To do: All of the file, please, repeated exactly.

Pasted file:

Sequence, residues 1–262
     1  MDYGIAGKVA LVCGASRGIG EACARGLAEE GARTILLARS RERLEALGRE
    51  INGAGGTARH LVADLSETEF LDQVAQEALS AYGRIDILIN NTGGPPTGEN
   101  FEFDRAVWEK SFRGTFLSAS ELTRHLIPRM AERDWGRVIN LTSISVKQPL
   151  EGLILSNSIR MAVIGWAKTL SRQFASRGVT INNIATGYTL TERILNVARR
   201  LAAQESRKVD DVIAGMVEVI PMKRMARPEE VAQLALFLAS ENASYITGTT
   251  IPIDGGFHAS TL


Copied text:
Sequence, residues 1–262
     1  MDYGIAGKVA LVCGASRGIG EACARGLAEE GARTILLARS RERLEALGRE
    51  INGAGGTARH LVADLSETEF LDQVAQEALS AYGRIDILIN NTGGPPTGEN
   101  FEFDRAVWEK SFRGTFLSAS ELTRHLIPRM AERDWGRVIN LTSISVKQPL
   151  EGLILSNSIR MAVIGWAKTL SRQFASRGVT INNIATGYTL TERILNVARR
   201  LAAQESRKVD DVIAGMVEVI PMKRMARPEE VAQLALFLAS ENASYITGTT
   251  IPIDGGFHAS TL